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Sunday, July 17, 2011

Too Much Information

Most people are, I hope, familiar with the incredible universality of mathematics. At the most primitive level, they learn this in first grade when they learn that the observation that three apples plus two apples gives them 5 apples is a special case of the arithmetic result 3+2=5. Less well known is a common beautiful mathematical phenomenon: many problems are hard to solve until they are generalized. In other words, it may be easier to simultaneously solve infinitely many different but related problems than to solve a single one alone. The reason for this varies. Sometimes the salient features of a problem only become visible when viewed from a sufficient distance.

In government the same phenomenon holds. It is often impossible to decide rationally whether to support or oppose particular legislation unless one has a governing rule guiding one's support or opposition to large classes of legislation. There are simply too many plausible ways to spend taxes, too many unintended consequences, too many opportunities to feed sweets to a diabetic, and too many "slippery slopes" for a rational legislator to decide issues in isolation. A rational theoretic framework for deciding issues is often called an ideology. For some reason, many view this term negatively, with the subscribers to an ideology called ideologues, and the latter term synonymous with unreasoning dogmatism and inflexibility. Hayek, in The Constitution of Liberty observes,
" A government that claims to be committed to no principles and to judge every problem on its own merits usually finds itself obeying principles not of its own choosing and being led into action it had never contemplated."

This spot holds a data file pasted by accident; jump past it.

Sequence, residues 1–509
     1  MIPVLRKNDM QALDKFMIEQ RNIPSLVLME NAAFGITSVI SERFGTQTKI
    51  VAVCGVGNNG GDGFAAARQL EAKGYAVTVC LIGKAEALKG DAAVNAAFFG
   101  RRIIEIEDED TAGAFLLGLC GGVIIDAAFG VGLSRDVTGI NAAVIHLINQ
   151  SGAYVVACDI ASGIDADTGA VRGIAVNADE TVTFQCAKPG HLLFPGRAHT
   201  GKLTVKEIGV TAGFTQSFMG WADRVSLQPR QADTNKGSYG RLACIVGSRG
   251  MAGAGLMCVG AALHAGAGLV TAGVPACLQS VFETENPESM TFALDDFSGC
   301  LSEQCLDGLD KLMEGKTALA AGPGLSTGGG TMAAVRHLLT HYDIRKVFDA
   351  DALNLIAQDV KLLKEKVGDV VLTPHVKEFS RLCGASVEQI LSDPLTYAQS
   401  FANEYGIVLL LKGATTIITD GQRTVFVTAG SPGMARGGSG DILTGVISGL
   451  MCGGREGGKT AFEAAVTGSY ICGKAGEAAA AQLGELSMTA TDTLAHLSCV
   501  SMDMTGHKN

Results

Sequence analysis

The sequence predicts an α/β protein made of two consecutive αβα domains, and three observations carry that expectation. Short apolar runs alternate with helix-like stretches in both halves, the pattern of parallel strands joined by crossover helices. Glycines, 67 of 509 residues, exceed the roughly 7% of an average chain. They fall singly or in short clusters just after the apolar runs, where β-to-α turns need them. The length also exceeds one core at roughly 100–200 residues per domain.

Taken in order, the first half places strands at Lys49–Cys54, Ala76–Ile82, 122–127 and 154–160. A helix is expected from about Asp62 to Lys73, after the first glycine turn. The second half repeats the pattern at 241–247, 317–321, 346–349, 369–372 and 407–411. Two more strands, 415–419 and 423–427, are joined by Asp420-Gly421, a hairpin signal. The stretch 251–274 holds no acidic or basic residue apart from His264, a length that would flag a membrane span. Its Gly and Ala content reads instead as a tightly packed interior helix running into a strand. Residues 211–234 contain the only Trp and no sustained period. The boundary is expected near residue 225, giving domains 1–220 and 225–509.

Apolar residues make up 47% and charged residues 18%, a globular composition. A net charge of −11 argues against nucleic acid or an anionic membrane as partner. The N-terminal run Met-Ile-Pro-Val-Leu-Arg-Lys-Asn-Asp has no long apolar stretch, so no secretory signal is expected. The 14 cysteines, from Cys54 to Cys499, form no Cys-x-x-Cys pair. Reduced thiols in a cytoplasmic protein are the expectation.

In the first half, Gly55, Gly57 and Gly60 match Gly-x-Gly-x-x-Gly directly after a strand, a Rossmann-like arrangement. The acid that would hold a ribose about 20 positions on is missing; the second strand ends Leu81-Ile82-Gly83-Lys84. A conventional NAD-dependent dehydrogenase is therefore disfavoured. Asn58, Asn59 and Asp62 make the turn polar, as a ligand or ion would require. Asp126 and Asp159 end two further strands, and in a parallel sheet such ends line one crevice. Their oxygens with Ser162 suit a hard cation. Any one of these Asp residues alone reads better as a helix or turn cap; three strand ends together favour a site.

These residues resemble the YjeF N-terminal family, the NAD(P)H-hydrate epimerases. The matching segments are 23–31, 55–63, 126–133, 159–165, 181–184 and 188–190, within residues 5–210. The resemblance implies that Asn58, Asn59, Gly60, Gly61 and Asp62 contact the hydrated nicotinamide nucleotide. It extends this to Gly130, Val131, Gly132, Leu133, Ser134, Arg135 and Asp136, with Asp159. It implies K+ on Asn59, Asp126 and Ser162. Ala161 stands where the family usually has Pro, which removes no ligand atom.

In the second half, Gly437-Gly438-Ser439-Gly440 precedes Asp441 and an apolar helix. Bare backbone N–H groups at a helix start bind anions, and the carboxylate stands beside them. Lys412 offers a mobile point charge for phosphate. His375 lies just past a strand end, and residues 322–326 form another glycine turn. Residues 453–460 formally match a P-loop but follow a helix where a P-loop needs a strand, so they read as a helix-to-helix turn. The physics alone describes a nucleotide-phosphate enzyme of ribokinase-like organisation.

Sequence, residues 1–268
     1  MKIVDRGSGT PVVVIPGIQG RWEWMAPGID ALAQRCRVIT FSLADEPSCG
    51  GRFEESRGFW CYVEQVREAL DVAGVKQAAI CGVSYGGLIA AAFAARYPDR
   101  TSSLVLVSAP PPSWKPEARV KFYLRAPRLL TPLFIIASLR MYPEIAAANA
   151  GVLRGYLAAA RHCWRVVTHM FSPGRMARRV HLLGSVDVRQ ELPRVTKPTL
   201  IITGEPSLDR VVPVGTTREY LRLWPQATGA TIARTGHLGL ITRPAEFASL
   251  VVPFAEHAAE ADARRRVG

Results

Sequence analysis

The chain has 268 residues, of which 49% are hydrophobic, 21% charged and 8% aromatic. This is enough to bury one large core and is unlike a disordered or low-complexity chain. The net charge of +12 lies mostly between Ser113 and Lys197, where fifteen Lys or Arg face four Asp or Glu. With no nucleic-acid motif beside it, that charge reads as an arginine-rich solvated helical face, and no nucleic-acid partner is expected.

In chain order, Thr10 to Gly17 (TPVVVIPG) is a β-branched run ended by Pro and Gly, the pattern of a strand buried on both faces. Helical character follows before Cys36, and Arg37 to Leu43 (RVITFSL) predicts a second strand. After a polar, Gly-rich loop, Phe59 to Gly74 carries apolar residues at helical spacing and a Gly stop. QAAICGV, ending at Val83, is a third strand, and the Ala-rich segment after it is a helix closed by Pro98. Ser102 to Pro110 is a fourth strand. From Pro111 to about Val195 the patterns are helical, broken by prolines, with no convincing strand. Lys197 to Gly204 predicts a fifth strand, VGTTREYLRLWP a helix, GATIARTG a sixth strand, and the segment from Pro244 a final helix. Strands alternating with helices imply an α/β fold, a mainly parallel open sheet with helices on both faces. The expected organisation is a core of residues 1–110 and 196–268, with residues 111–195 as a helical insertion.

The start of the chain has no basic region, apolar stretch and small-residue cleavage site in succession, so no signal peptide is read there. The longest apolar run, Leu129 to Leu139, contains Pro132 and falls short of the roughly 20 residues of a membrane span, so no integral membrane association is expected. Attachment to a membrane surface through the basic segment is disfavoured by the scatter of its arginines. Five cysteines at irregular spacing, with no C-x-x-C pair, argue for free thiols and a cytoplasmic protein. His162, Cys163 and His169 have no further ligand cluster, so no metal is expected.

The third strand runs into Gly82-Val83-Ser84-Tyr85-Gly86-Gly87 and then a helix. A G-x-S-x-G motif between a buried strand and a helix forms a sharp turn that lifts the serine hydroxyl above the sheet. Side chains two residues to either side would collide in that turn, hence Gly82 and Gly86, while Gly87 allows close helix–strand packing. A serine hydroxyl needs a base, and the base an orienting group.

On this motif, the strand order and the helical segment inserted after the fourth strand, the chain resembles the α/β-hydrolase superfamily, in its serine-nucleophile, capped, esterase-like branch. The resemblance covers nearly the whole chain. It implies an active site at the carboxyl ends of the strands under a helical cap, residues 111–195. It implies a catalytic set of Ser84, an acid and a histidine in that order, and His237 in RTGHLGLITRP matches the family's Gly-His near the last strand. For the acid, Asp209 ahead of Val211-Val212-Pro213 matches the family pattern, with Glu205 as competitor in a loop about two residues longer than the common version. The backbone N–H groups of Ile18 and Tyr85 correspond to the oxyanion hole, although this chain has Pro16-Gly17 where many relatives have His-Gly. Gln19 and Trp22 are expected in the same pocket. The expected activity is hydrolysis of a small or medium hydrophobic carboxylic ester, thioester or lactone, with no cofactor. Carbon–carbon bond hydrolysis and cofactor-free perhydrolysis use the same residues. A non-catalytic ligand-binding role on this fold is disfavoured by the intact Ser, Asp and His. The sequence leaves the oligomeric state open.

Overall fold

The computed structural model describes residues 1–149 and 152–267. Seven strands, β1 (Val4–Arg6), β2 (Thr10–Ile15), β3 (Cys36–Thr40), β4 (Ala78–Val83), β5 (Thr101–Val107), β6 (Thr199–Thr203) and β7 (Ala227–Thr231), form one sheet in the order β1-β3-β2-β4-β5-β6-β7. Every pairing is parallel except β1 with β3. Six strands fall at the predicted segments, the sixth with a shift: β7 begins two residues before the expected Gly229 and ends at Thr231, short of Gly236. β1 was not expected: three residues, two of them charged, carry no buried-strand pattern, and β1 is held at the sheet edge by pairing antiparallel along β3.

This statement applies equally to individual legislators, and by extension, to individual voters.

In my canvassing work, I have encountered many unaffiliated voters who proclaim proudly that they adhere to no party; they always "vote for the man - not the party." Invariably, these voters are dramatically less informed about the issues and candidates than their partisan colleagues on both the left and the right. It seems their position is simply an excuse for intellectual laziness.

Life is too messy to fit into any axiomatic framework (which is another way of saying again that I am not a Libertarian), but in politics as in mathematics, the attempt to frame all issues within broader theoretical/philosophical contexts is an essential exercise for informing our views on the issues and conversely for testing and developing our ideology.


  1. I think libertarianism offers a great deal by attempting to find axiomatic frameworks, and this is basically what you are talking about when defending "ideology". It's true that libertarians fight over what the proper axioms should look like (i.e. non-aggression principle, action principle, whatever) that may simply be a reflection of the messiness you note in life. BTW, I like your blog's political analyses; I'm a libertarian mathematician who is also interested in politics.

  2. I find the libertarian framework sufficiently compelling that even when I disagree with it, it helps me frame my own position.